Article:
The first step in this process is merely confronting the reality that a time will come when one's estate must be dispensed with and recognizing that the process can have a profound impact on loved ones. Once this step is accomplished, then holistic estate planning can begin in a customized process that seeks to meet the individual's vision for the future. This may sound like a daunting process, especially considering that an estate plan should be revisited often after major life events like the ones mentioned above, but compassionate, experienced and skilled estate planning attorneys like those at our firm can help simplify the process.

Estate planning and the testamentary trust

There are a lot of estate planning tools at your disposal. While most people think that a simple will is enough to meet their needs, this oftentimes isn't the case. While a simple will may provide some estate protections, they often don't go far enough to distribute assets in a way that totally aligns with an individual's wishes. This is why many individuals choose to incorporate other legal documents into their estate plans, such as trusts.

One commonly used type of trust is the testamentary trust. This type of trust is created through a will, meaning that it technically doesn't come into existence until the will goes through the probate process. This differs from a revocable living trust, which is created and exists during an estate planner's lifetime. Also, unlike a revocable trust, a testamentary trust is irrevocable. The testamentary trust, like all other trusts, names a trustee to manage trust assets, as well as a beneficiary.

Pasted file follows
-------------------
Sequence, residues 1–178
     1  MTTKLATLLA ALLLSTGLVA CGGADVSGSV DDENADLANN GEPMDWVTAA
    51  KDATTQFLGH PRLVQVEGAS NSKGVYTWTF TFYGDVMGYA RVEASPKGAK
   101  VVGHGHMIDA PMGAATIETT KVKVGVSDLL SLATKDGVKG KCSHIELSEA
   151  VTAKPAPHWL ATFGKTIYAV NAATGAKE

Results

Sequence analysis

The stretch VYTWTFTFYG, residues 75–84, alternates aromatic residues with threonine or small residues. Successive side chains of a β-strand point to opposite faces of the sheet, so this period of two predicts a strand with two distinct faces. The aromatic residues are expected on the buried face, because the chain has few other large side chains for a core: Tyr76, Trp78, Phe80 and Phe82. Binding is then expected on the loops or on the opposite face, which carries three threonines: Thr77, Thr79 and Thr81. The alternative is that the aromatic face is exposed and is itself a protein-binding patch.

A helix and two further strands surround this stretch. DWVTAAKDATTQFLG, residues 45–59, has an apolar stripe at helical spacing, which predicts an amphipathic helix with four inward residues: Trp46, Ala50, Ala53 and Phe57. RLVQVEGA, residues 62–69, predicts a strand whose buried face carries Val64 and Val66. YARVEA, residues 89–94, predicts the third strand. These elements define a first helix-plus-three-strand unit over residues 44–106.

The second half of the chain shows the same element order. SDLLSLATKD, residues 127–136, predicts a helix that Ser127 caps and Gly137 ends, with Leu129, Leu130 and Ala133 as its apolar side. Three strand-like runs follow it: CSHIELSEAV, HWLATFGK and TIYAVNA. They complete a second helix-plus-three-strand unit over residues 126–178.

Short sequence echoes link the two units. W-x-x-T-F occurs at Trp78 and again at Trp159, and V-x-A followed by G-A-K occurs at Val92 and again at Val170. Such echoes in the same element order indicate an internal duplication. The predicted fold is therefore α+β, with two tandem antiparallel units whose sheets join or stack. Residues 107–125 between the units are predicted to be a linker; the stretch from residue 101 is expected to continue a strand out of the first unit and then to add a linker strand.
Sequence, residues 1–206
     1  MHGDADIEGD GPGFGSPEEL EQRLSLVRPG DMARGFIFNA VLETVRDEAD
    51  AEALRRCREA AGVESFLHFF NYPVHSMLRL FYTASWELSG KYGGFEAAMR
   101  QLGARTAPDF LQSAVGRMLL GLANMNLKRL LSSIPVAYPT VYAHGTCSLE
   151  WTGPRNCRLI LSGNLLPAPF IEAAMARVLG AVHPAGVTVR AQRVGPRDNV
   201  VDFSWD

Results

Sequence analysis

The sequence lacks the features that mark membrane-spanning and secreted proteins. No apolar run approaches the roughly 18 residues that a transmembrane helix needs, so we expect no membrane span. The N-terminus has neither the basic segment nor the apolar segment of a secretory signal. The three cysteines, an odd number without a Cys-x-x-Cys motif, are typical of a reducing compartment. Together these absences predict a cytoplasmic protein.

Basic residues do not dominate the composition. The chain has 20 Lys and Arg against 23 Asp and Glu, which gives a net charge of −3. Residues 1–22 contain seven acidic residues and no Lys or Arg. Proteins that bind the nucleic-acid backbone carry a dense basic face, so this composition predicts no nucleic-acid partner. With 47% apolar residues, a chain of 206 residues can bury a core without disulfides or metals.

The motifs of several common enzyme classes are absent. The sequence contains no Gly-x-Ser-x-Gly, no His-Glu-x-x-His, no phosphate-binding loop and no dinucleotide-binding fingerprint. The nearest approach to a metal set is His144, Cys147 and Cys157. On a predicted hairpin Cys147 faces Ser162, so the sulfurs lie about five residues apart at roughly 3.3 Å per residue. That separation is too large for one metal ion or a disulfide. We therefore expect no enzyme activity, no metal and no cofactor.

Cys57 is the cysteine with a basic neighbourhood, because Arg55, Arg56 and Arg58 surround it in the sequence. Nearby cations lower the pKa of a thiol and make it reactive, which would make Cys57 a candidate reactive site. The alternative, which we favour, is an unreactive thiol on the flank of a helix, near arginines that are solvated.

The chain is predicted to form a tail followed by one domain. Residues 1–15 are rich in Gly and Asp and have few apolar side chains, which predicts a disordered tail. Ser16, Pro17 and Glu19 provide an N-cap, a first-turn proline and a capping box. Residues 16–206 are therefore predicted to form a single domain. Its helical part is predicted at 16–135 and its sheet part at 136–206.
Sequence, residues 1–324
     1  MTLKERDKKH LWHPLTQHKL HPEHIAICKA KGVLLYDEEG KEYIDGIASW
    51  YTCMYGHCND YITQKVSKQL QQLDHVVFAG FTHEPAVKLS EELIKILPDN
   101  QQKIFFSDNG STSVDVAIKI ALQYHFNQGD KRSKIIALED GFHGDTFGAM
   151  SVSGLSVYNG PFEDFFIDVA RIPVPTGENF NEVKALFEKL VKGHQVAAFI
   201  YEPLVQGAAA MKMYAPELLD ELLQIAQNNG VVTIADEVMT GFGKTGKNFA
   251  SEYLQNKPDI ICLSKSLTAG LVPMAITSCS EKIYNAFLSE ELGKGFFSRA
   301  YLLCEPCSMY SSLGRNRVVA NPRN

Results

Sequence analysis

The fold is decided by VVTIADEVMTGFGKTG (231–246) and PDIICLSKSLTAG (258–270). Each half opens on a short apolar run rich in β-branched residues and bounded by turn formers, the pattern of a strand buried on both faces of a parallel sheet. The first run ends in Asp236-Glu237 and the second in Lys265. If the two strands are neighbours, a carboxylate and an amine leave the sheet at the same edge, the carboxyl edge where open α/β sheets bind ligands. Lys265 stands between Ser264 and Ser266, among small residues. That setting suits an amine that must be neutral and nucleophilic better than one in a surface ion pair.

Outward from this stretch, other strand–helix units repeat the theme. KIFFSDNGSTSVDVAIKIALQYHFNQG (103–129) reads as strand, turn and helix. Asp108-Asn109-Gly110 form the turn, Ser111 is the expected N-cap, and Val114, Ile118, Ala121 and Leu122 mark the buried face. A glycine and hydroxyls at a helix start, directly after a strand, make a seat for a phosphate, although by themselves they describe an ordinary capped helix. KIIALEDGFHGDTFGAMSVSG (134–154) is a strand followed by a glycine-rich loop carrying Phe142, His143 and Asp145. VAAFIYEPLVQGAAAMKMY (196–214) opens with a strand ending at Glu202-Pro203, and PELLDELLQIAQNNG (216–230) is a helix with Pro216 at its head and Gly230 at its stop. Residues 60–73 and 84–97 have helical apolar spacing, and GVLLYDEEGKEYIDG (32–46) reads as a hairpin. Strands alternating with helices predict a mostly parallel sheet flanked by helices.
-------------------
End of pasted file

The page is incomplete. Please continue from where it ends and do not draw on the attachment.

Try to avoid these common estate planning mistakes

Thinking about the future can be inspiring but it can also be a difficult task. Just as its name implies, successful estate planning requires foresight and diligence. While this is true for the initial creation of an estate plan, it holds true as time passes and life changes occur. This is why Californians need to be thoughtful about how and when to modify their estate plans. This is really the only way to achieve desired outcomes. This week, this blog will look at some common estate planning mistakes. Those who find themselves susceptible to any number of them should consider reaching out to an estate planning attorney to figure out how best to remedy the situation.

There are a number of estate planning mistakes that can be made. The first, of course, is failing to create a holistic estate plan or any type of estate plan at all. Individuals need to make sure they are addressing not only their assets in their estate plan but also their long-term care and matters pertaining to important health care and financial decisions. Another common mistake is failing to change an estate plan after important life events like the birth of a child or grandchild, divorce and death of named beneficiaries and heirs.

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If you would like to discuss representation or have another question about my firm, please call 916-248-4465 or email my Sacramento, California, office to arrange for a consultation.